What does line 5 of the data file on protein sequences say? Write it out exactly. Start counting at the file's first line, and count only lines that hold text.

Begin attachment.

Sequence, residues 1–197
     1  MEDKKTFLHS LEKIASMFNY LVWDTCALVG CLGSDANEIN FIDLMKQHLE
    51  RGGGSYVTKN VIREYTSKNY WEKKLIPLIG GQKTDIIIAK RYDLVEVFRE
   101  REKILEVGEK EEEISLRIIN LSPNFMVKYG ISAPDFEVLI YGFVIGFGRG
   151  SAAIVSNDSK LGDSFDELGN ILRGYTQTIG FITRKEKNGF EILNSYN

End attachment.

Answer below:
   151  SAAIVSNDSK LGDSFDELGN ILRGYTQTIG FITRKEKNGF EILNSYN